C5 Twenty Five

Also from Issue 48

  • C6.R replica
  • 1966 restomod
  • Marcos TSO-GT2
  • Market Report: C1/C2
  • 800-bhp Supercharged C6
  • 1968 big-block convertible
  • Ex-Lou D’Amico C2 racer
  • How-To: Steering box rebuild
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Nevertheless, endurance racing presents a unique set of challenges; durability, not speed, is the priority. “We just haven’t tested enough,” admits Pfadt crew chief Todd Imwald, watching the Corvette pull off the track. “We’re essentially running a sprint car, set up for shorter races, so there’s a steep learning curve.” Like most of the Pfadt team, Imwald is businesslike but jovial, and his good-natured sense of focus reminds us more of a professional crew chief than an amateur one. But a race like the 25-hour requires something more than just the right approach. “The car is fast enough,” Imwald says, “it’s just a question of making it live.”

Unsurprisingly, by the time the Pfadt team is done repairing the car’s fuel system, most of Thunderhill’s paddock is in disarray. Tools and parts are scattered everywhere, and more than a few cars have run into trouble. A late-’90s Pontiac Firebird is being loaded onto a trailer, a thick trail of oil leading to its nose. Two Miller Cup Ford Mustangs are up on jack stands, permanently parked. Wrenches are being turned and crash damage is being hammered out.

For the Pfadt team, things are finally turning around. As the sun sets, Imwald is standing on the pit wall, listening intently to the radio; he’s joined by the team’s fourth driver, a Corvette club racer from the Pacific Northwest named Dean Conti. The C5 flies down the front straight, slams into the first corner and slingshots through a group of slower cars, a bellowing howl echoing out its exhaust. Popp is driving. After watching the crippled Corvette limping around the track for hours, seeing it flogged flat-out by a gifted driver—and Popp, a former NASA champion, is just that—is downright hypnotic.

“That’s Danny for you,” Imwald remarks with a grin. “He’s saying that the car doesn’t have that much power; he just turned a 1:50.” Conti laughs, saying, “If he’d pulled that in qualifying, we’d have been third on the grid.”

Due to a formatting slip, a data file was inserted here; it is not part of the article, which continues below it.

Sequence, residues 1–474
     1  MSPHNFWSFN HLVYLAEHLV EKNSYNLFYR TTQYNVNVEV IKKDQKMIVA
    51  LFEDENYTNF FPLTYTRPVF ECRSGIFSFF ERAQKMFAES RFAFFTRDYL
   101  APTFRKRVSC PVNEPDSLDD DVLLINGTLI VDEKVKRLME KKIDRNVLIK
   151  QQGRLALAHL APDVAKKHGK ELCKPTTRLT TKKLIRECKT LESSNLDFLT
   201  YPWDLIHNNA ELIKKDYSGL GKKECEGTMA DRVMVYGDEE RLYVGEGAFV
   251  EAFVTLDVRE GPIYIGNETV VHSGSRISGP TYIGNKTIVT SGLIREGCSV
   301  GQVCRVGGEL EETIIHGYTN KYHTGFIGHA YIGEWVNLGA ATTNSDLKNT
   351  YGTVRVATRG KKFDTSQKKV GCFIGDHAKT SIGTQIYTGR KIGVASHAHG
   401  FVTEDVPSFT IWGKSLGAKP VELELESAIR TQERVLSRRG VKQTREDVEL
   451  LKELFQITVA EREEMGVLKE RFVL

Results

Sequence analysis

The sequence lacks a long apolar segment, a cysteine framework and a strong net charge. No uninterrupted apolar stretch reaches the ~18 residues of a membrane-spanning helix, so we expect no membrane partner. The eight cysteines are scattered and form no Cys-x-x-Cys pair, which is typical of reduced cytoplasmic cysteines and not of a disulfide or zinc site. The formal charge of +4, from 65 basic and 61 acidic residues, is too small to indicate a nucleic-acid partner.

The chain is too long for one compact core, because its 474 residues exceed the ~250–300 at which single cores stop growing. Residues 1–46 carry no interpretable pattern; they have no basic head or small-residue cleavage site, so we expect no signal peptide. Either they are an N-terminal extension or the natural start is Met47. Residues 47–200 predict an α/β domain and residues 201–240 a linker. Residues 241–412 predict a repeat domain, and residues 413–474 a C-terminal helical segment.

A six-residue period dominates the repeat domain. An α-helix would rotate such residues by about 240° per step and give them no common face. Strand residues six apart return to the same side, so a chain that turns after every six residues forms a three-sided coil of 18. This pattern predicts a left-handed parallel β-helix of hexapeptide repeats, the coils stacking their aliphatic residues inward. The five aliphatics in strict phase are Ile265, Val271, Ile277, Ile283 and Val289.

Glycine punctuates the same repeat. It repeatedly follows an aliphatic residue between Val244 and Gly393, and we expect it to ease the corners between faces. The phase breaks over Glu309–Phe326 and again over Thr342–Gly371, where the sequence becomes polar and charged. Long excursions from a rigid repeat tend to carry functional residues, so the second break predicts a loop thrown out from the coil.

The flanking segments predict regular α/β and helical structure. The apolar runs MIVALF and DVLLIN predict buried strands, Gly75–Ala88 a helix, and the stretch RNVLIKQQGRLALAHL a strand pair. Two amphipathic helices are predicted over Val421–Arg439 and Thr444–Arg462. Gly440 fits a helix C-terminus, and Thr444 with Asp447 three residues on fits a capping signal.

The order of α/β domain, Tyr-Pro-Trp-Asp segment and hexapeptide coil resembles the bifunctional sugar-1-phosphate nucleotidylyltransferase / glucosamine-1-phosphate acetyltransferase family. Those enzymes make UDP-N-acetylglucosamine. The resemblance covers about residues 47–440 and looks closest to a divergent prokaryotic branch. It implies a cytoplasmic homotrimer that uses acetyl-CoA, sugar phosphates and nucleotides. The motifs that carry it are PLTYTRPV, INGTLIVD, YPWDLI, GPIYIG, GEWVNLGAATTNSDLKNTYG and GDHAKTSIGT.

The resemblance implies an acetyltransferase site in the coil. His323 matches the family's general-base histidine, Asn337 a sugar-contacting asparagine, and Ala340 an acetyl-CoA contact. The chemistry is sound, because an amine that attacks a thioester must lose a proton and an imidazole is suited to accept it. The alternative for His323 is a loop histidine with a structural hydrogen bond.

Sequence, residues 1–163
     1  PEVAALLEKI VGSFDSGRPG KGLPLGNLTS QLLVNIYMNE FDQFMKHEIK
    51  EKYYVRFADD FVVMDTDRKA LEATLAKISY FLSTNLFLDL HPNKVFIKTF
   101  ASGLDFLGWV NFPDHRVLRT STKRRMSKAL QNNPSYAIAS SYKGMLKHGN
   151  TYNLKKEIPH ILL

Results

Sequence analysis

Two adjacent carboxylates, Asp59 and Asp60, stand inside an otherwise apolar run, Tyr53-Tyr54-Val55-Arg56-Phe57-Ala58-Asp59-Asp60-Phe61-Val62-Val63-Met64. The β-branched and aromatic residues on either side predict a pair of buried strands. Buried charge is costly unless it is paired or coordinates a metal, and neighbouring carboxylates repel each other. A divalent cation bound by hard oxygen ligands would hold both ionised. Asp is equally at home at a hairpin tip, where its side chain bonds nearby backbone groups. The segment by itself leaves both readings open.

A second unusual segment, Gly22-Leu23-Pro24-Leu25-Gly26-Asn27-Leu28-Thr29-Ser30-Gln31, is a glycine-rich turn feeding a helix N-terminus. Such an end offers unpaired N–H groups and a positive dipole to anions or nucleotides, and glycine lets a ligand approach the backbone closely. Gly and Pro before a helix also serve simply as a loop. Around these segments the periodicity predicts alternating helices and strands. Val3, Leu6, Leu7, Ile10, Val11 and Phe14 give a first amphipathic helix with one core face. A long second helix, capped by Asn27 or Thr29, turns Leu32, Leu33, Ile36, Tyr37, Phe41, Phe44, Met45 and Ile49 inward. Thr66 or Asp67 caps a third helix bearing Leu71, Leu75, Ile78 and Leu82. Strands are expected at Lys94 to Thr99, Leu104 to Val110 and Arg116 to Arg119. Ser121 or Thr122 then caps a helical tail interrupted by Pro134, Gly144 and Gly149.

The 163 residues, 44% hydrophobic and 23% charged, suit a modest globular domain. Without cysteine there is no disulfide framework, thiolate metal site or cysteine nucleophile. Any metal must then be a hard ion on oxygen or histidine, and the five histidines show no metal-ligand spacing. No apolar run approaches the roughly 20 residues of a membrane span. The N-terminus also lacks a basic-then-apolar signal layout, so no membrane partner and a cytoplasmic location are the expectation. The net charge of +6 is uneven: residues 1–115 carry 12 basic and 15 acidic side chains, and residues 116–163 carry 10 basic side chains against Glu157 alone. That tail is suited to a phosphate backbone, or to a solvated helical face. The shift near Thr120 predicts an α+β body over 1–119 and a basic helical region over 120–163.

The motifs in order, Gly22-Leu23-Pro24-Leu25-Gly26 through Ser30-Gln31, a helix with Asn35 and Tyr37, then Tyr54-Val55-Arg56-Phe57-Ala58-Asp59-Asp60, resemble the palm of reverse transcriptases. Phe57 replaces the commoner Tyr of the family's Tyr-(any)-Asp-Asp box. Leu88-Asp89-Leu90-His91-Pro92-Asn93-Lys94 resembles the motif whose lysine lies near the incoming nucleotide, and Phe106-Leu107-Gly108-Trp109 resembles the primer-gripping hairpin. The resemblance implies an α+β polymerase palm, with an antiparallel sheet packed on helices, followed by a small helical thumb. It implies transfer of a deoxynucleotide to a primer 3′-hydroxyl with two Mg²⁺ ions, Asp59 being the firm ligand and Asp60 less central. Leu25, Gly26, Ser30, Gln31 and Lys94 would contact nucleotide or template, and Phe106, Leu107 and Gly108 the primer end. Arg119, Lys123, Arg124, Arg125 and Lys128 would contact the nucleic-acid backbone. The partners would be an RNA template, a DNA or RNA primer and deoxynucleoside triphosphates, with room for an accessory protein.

The high times don’t last long, however. Shortly after six o’clock, just seven hours into the race, the corner workers wave their red flags. In the space of less than 20 minutes, a blindingly thick, syrupy fog has descended onto the track, reducing visibility to mere feet. Thunderhill’s front straight is suddenly an impenetrable gray wall. You hear the cars before you see them, the fog moving and swirling ominously, until—wham!—something with headlights explodes past you, only to immediately disappear back into the whiteness. NASA officials indefinitely suspend the race on grounds of safety. The cars are parked.

Things crank back up again at five o’clock the next morning. The fog has dissipated some, but it’s still present, draped over the track like stretched-out cotton candy. All told, the red-flag delay lasted some 11 hours, and while NASA officials have postponed the race’s end by three hours to try and compensate, this won’t help the Pfadt team. It’s mid-morning and the Vette is parked in the paddock, stationary and cold. Aaron Pfadt and the rest of the crew retire to the support tent to have breakfast.

“We went back out [at the restart], and the car ran great for a while,” Pfadt says, smiling ruefully. “Then it started to pick up a miss. We pulled the car in, we cleaned the fuel filter and we back-flushed the injectors. After that, it was perfect—the car was making full power, the lights were working great in the fog and I was just flying. And then the clutch started slipping. It’s frustrating, because we were phenomenally quick. I turned a 1:51 in the fog with the clutch slipping.”

The car is done.

For Pfadt, the race has been a study in frustration, a textbook example of how learning from your mistakes is rarely a calm and relaxing process. Some problems, like the fueling issue, are simply the result of bad luck—the team eventually discovers that a supposedly gasoline-proof sealant used on the fuel tanks’ quick-fill system decomposed in the presence of gas, filling the fuel lines with debris. Other issues, like the slipping clutch, are traceable to oversight. “The clutch had too many hours on it [before the race],” admits Imwald, “and it was just time for it to go.” Setbacks like these show how difficult it is to make a racing car—any racing car—go the distance. Even with huge amounts of skill, experience and resources, there are still countless things to go wrong.

As for the lessons learned? The overall win went to a Mazda MX-5, a car that lapped the track roughly 10 mph slower than the pole-sitting prototype. Most of the faster, front-running cars broke or crashed out, proving that speed and endurance aren’t natural bedfellows. And adding insult to injury, when the Pfadt Corvette briefly returned to the track to take the checkered flag, a slower car crashed into its left front corner, breaking a suspension upright. It was almost as if God himself wanted the car off the track.

Done, but not defeated, the Pfadt team begins to pack up. Aaron Pfadt finishes his breakfast, gets up from his chair and looks out at the track. Will he return next year? “It’s hard to come back,” he says, “but then, it’s hard not to come back.”